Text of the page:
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I’ve been doing martial arts—various forms of jiu-jitsu—for about eight years now. Whenever I tell people that, I inevitably get the semi-joking, “oh, so you could beat me up” line that frequently makes me sigh. Sure, if you suddenly attacked me for some reason, I feel confident that I could effectively defend myself. But despite the common perceptions, hostility, violence, and beating people up, is not what fighting training is about. In fact, more than other sports, fighting and strength training is all about including and welcoming everyone.
Training coach veteran, Mitch Holeve, can speak to the topic better than most. Holeve is the founder and CEO of Garrett’s Fight Foundation, founded in 2011 when the state of Florida prohibited Holeve’s son Garrett—G. or G-Money Holeve—from fighting in an amateur level mixed martial arts (MMA) event. The state never gave a reason for the cease and desist order, but it was still clear: Garrett Holeve has Down syndrome and he was about to fight David Steffan, an MMA fighter with cerebral palsy; it was an adaptive athletes fight. In response, Garrett’s Fight Foundation was created to fight for the right of adaptive athletes to participate in amateur level officially sanctioned fights in Florida. “Back then there was no standardized process for any fighter to get certified,” says Holeve. “Last year, and I truly believe in my heart that it’s because of what we’ve been pursuing, [they implemented] a standardized process. All fighters, adaptive or not, must go to a doctor. The doctor has to clear a person to compete and it doesn’t matter if it’s Down syndrome, cerebral palsy or whatever.”
Now that the foundation has accomplished its goal of securing G. Holeve’s right to participate in the sport at an amateur level, it has shifted its focus to adaptive athlete training in general. “We’ve morphed a couple of different ways,” says Holeve. “We now work with autistic kids in the cardio kickbox program. We do training for all physical or cognitive adaptive athletes.” In addition to both father and son being certified adaptive coaches, Holeve also works with CrossFit coaches, a clinical psychiatrist and a licensed physical therapist to ensure that all athletes training with him do so safely and can reach their own potential.
What most people may not realize is that this focus on individual achievement and safety is part and parcel of the sport, which is why it lends itself to being so highly inclusive. The essential aspect is that these training sessions are classes. “If you’re in a class of 30 people going through the same thing as everyone, you have that social interaction and integration,” Holeve says. The structured, disciplined environment “knocks down certain social barriers, especially for autistic kids that maybe are afraid of social interaction.” Everyone is expected to go at their own pace and push their own limits. After all, as Holeve says, “there are maybe two or three perfect athletes in the world, but the rest of us all have to adapt.” In the context of this sport the term “adaptive applies to everyone.”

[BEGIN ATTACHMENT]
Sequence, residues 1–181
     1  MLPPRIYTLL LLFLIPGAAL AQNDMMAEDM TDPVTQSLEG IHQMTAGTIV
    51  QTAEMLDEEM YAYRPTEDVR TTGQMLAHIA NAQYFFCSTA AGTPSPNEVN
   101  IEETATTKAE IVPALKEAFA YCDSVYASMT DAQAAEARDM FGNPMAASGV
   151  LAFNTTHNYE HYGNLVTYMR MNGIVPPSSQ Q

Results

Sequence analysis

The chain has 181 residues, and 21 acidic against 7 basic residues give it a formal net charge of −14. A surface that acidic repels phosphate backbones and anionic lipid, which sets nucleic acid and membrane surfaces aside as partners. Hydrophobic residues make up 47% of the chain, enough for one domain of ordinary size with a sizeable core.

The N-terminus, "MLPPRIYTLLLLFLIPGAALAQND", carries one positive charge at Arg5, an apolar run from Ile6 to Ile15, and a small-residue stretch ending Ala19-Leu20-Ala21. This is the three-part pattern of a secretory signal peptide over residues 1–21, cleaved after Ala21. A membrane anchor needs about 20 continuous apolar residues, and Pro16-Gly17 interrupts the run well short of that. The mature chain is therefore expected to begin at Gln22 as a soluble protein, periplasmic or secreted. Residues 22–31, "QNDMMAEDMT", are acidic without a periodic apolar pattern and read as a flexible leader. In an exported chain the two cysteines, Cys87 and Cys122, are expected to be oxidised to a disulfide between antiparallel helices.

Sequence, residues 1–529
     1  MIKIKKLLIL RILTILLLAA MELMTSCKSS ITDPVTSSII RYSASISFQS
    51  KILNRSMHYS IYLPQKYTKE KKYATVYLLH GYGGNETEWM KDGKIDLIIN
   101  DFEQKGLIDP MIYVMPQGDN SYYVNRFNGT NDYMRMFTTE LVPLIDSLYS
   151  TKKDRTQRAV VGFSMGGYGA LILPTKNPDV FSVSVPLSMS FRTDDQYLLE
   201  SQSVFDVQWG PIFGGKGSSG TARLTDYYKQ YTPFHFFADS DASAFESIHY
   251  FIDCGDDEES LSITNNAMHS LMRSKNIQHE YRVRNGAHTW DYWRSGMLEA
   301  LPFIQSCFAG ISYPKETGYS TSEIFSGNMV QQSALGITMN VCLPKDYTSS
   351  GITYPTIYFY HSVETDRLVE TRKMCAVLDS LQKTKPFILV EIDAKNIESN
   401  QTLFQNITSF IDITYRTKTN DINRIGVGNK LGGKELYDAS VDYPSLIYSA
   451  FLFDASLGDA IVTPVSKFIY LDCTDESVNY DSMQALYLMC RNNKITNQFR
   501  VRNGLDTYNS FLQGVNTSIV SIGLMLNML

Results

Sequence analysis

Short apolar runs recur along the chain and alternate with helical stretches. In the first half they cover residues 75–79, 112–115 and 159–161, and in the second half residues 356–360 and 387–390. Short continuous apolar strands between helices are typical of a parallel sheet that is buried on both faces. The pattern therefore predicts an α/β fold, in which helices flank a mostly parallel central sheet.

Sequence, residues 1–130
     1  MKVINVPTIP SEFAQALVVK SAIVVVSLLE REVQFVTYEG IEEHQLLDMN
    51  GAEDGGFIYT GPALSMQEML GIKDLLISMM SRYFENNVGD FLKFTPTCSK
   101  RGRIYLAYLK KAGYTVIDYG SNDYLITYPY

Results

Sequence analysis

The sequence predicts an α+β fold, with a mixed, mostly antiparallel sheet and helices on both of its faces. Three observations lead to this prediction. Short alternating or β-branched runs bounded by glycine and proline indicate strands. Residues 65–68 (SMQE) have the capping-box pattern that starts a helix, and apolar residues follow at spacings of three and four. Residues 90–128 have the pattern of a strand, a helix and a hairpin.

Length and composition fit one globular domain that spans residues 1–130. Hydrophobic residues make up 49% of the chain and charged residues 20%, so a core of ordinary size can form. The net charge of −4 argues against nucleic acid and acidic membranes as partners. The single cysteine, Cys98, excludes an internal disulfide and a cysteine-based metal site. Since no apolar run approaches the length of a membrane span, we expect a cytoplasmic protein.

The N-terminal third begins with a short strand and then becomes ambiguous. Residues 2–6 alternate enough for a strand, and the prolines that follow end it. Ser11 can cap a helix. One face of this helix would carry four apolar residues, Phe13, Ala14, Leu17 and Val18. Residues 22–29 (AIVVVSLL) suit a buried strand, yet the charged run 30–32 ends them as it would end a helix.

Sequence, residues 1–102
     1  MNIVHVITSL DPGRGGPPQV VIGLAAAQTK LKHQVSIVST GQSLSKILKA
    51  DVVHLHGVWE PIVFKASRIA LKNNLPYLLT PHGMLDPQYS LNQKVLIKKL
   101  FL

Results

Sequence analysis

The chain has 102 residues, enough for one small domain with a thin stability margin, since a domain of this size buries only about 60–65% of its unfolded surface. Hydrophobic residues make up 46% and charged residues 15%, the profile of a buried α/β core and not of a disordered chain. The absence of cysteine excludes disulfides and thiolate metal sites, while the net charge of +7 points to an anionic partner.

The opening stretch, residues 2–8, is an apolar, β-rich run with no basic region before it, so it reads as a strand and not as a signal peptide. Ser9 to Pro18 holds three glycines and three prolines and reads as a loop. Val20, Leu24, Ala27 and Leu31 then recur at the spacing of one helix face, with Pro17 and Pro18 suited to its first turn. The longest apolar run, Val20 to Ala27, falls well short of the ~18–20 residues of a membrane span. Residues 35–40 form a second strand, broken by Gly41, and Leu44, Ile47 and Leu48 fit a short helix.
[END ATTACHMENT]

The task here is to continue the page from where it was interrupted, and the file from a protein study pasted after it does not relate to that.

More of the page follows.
As I listened to Holeve I kept nodding vigorously. He was essentially describing my experience. You see, I was born with dislocated hips and had surgery as a toddler that allowed me to walk. But even though the procedure was entirely successful, I am unable to bend my legs inward—picture sitting cross-legged. I can’t do that. This means I can’t do certain maneuvers and the beauty of this sport is that it doesn’t matter in the least. I just have to adjust my technique to work for me, just like all my fellow athletes at my dojo in Somerville have to do to work with their body types, injuries or other limitations.
What is perhaps most valuable in terms of inclusion is the community that develops around these highly physical sports. “You go from training together to getting coffee or beer,” says Holeve. “The CrossFit community is like the jiu-jitsu community. It becomes your family. They socialize together, they have parties together and the [adaptive athletes] get included in that.” This kind of camaraderie doesn’t exist just in amateur circles. “Garrett got introduced to the pro MMA world by Stephan Bonnar” who is a friend of Holeve’s. “He has developed friendships with some of the fighters. Garrett texts “good luck” before one of their fights and they get back to him. They just include him and welcome him with open arms. They respect dedication. G will work every minute twice as hard and they respect that. You can’t do that in a library or a book club. Sports just lends itself to that.”
So next time you think of martial arts or of strength training, don’t think of people beating each other up. Think of high discipline, structure, trust, respect, and an integrated community. As Holeve says, “we don’t want to segregate anyone from our society. It’s important that we all can get along and can identify with different people.” And there are few things that will bring a group of people together as well as training together. On that note, in honor of the 2016 Summer Olympics and Paralympics, our blog will focus on sports and disability inclusion for the month of August. Stay tuned for Friday’s blog!